What You Need to Know

  • A jury awarded $5 million to a former accountant who claimed a fall at Walmart left him with long-term pain and cognitive issues
  • The plaintiff’s attorney said his strategy was based in keeping his case short and to the point.
  • Walmart denied that it was liable and indicated it may challenge the verdict.

A two-day trial in a slip-and-fall case against Walmart ended in a $5 million verdict for a former accountant who attributed the accident to his present-day inability to perform math.

On July 13, the Delaware County jury determined Walmart was fully responsible for plaintiff Adam McCall’s attorney said two days were all he needed to make his case.

“I try to be as punchy and as streamlined as possible,” Jason Javie of Levin & Javie said of his trail technique in which “less is more.” That can also mean the use of visuals to convey exactly what happened to the plaintiff. “You can lose the attention of your audience if you’re too long-winded and don’t get right to the point.”

Walmart earlier indicated it was not liable over factors in which it “exercised no control,” and said on Monday that the war is not over, as the multinational company may challenge the lawyer’s trial technique in a second battle before a jury.

“We work hard to provide customers with a safe and enjoyable shopping experience,” a spokesperson for Walmart said in an emailed statement. “We don’t believe the jury’s verdict is supported by the evidence and are considering our options, including filing post-trial motions.”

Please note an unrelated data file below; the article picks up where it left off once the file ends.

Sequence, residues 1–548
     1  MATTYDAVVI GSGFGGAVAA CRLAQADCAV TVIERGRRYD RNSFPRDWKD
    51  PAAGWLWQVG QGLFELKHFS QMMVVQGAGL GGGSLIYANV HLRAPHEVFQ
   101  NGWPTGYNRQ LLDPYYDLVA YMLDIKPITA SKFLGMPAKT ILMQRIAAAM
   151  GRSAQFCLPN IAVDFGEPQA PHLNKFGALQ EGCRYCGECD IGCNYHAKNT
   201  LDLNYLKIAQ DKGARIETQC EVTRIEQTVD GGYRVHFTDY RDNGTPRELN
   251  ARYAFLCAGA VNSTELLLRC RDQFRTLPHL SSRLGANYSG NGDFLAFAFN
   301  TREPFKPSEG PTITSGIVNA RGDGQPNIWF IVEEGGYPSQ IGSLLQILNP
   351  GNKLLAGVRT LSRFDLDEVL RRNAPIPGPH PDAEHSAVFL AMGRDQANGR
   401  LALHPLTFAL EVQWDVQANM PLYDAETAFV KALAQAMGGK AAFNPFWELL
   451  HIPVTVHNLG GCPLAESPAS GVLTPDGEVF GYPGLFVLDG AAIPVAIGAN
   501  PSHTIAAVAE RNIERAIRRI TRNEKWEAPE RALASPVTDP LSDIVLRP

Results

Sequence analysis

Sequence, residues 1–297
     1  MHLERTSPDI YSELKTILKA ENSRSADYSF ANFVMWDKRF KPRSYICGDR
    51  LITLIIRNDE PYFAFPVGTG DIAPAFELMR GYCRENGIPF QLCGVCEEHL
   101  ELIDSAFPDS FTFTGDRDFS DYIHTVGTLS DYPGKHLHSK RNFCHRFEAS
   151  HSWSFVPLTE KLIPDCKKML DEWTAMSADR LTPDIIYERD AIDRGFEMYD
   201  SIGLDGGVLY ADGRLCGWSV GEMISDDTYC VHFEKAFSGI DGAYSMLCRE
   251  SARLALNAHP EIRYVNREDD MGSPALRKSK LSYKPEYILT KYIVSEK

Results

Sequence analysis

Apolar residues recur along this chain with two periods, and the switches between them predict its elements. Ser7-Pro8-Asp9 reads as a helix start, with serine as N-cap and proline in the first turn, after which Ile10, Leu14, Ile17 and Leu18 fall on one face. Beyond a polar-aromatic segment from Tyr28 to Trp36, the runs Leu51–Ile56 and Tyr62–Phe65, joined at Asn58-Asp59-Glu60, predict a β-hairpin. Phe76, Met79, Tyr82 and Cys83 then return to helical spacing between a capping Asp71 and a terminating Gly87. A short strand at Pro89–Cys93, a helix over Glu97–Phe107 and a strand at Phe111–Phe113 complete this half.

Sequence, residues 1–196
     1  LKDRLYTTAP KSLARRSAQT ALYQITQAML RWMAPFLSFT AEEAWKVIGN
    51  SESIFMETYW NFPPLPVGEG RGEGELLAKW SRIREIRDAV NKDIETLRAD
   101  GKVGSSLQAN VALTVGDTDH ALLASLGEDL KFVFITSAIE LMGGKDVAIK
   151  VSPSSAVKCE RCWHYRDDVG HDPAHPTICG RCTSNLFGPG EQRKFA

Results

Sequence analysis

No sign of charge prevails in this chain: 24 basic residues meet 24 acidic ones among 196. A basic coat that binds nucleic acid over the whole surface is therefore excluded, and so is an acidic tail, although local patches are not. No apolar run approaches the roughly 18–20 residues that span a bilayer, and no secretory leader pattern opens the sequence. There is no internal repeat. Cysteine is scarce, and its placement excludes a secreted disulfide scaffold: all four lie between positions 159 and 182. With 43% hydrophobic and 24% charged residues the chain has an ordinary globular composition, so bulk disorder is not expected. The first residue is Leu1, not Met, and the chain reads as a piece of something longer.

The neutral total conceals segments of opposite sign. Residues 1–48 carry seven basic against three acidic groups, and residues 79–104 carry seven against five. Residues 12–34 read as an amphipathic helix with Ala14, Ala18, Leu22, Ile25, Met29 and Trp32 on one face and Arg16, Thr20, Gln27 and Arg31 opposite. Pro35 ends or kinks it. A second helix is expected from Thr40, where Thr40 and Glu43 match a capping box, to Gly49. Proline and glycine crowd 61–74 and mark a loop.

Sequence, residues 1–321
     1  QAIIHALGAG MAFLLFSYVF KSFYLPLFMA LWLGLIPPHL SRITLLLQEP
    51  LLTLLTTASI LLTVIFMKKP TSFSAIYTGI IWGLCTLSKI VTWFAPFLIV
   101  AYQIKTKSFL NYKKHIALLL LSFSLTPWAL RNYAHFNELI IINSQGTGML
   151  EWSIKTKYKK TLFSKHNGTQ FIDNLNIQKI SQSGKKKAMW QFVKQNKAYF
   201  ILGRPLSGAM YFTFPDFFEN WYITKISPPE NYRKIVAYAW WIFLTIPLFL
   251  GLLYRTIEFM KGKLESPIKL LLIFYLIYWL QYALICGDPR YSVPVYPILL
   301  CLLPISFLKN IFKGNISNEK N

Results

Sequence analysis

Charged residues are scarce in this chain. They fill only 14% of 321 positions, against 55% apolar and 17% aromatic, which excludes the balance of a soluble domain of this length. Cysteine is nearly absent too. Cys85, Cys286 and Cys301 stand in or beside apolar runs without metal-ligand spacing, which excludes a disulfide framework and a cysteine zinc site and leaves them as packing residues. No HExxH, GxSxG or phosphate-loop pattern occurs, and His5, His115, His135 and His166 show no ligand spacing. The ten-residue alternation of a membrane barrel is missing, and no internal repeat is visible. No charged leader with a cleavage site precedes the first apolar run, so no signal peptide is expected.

In McCall’s case, Javie said he learned on surveillance footage to contest the defendant’s points. He said Walmart did not dispute McCall’s injuries at trial. Instead, the defendants suggested McCall slipped on the spill because he was in a rush.

“Ultimately, none of that was really support by evidence,” Javie said. “It was, in fact, contradicted by the evidence.”

He said footage showed McCall was walking at a normal pace in the leadup to the incident, and that the spill had been left on the ground for approximately 20 minutes before the plaintiff encountered it.

McCall alleged Walmart knew about the spill but failed to take proper measures to warn customers. He claimed he suffered herniated discs and a concussion from the fall and was left with long-term pain. And as a result of the concussion, McCall claimed, he was unable to return to work as an accountant and took a substantial hit to his yearly income.

The jury awarded McCall $3 million for pain and suffering and $2 million for loss of enjoyment of life. The case, captioned McCall v. Wal-Mart Stores, was tried before Judge Spiros Angelos of the Delaware County Court of Common Pleas.

Javie estimated that the jury returned its verdict after about an hour of deliberation.

He added: “The jury was able to see very, very quickly in the trial … this was horrible situation that caused horrible injuries, and the only right thing was for Walmart to be held responsible.”

This article was written by Aleeza Furman a Litigation Reporter.